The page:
This draft fails to achieve or even tackle that goal. A cursory examination of the Restatement’s proposed list of chapters reveals that the project reifies the fragmented nature of current law. Chapter 2 purports to cover the topic of termination; other contractual matters, such as covenants not to compete, agreements to arbitrate, and “compensation and other terms of employment” are spun off in different chapters. An effort to clarify or integrate employment contract law would take as its starting point contract concepts (formation, modification, remedies) rather than particular contract terms (dispute resolution procedures, grounds for termination, post-employment obligations). The latter subjects, including the notion of employment at will, would be treated as part and parcel of the question of how terms of employment relationships are set.

Instead, the draft’s organization reflects the balkanized approach to the use of contract principles exhibited in current employment jurisprudence. Not only does this preclude any possibility that the Restatement will unify existing law, it results in a document unable to account for how various contract terms and relational dynamics interact and influence one another . . . .
Thus, for instance, it is unlikely that the final version of this project will adequately grapple with the degree to which at-will termination enables the imposition of other adhesive terms of employment, such as covenants not to compete and agreements to arbitrate. At the same time, because the draft sanctions the current understanding of employment at will and the contractual “just cause” exceptions, other critical terms of termination (contractual issues such as severance, continuation of benefits, and notice of termination) are given short shrift.

Accepting the drafters’ choices with respect to the scope and insularity of Chapter 2, the sections themselves betray a troubling ambivalence toward the use of contract law as a framework for determining terms of employment. Whether and to what extent employment is a contract, as opposed to a status-based relationship, is a (if not the) primordial question of employment law. Certainly termination at will is currently deemed a contract “default” rule, and courts have used the language of contract law to create at-will exceptions. However there is good reason to question whether any job security terms (whether produced by default, imposed by form contract, or arising by implication) are indeed “contractual” under the current intent-based understanding of that term. In addition, contract is itself a mutable concept. Just as the emphasis in employment law has over the course of history fluctuated between public regulation and private ordering, so has contract theory moved somewhat cyclically through periods emphasizing contract formalities verses more relational notions of party liability.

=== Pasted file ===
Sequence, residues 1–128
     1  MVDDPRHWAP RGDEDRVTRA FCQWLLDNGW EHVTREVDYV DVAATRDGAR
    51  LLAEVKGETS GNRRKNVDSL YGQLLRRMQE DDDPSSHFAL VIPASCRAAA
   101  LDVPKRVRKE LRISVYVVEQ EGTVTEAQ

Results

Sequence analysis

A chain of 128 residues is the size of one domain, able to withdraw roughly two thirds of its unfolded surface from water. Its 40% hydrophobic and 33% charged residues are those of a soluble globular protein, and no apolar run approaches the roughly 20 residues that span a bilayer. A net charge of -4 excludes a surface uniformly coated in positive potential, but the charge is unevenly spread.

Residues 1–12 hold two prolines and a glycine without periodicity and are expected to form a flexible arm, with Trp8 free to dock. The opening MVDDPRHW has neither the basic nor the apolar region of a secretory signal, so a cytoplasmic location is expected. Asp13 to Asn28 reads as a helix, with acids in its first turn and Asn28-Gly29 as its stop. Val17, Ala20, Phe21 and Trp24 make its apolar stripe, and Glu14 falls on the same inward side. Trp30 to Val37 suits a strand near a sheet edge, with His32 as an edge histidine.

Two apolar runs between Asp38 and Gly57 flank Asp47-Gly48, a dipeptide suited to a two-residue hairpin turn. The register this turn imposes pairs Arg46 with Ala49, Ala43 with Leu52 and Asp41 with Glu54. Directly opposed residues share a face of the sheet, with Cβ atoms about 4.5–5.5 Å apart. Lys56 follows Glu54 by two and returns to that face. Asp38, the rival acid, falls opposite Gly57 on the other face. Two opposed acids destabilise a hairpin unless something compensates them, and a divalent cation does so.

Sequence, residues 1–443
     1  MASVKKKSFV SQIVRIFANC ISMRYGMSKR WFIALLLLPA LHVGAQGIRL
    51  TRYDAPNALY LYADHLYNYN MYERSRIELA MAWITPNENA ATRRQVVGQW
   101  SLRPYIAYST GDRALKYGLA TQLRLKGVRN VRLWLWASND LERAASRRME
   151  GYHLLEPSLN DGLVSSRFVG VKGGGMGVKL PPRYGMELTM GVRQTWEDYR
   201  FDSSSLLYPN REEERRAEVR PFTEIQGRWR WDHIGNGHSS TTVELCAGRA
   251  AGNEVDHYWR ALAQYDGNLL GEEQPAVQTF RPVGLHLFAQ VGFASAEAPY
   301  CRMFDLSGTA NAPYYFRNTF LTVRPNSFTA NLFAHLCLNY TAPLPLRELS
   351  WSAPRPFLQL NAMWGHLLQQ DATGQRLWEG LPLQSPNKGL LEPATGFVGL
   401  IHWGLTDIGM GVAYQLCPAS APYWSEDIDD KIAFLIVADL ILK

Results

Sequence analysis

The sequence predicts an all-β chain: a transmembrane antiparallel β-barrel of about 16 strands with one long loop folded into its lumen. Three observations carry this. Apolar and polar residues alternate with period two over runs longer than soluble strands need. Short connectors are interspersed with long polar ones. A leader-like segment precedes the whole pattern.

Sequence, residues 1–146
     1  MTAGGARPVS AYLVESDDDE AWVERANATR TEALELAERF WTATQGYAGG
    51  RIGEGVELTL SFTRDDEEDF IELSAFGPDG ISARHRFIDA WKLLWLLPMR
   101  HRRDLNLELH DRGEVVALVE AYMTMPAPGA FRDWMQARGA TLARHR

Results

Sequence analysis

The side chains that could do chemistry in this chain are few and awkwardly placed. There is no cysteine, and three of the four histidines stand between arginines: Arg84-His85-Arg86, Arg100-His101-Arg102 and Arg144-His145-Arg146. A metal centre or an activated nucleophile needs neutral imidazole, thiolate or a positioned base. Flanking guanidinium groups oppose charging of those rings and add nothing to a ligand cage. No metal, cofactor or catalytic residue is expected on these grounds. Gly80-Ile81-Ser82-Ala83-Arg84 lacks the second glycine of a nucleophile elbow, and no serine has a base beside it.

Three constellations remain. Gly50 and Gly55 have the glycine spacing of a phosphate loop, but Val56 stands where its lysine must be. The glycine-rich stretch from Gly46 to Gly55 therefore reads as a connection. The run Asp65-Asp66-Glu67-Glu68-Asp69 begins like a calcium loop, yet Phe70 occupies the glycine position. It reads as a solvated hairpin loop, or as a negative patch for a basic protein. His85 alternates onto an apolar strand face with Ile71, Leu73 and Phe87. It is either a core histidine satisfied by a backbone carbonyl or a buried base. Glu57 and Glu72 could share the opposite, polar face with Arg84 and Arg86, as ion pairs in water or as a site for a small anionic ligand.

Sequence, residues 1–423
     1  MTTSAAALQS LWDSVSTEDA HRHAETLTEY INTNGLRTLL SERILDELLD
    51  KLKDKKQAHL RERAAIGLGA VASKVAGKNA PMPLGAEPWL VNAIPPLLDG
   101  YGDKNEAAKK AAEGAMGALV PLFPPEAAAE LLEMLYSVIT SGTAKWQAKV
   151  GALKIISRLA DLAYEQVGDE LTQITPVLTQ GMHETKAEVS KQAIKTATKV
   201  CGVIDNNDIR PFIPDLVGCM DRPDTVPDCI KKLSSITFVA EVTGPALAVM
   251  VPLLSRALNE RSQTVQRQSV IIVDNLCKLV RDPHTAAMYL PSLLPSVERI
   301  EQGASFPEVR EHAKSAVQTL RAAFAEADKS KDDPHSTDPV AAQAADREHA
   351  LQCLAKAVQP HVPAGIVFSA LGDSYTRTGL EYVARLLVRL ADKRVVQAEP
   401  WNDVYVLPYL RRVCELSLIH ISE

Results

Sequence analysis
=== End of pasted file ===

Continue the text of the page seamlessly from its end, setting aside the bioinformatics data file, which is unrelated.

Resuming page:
A project that wrestled with such issues, providing guidance as to whether terms should be dictated by contract and, if so, what theory of contract law ought to govern (objective, intent-based, relational, etc.) would be a welcome supplement to the existing caselaw authority. However, the current draft conspicuously avoids this thicket. It accepts the at will “default” based on its prevalence among American jurisdictions rather than identifying any normative underpinning for the rule, and it goes on to formulate the exceptions to at will using interchangeably the rhetoric of contract formalism and more ambiguous language reminiscent of relational contract theory. Thus section 2.02 offers what appear to be primarily contract grounds for varying the job security terms of an employment relationship (although it uses inconsistent terminology: “agreement,” “binding promises,” etc.). At the same time, the section interposes a “policy statement made by the employer” as an equally sound basis for deviating from at will. Section 2.04, the more in depth section on employer policy statements, only muddies the water further, providing in its comments that a policy-based “employment agreement” may arise “under traditional contract principles” or “under the promissory estoppel doctrine,” and further that “even where the elements of an enforceable agreement …are not present… policy statement may be binding on the employer until properly modified or revoked.” This type of statement ensures that the Restatement will fail its first and arguably most modest goal of clarifying the law. It also perpetuates the legal uncertainty that has arisen with respect to whether “real” contract law (as opposed to a policy-influenced, context-specific version of those doctrines) applies to employment relationships.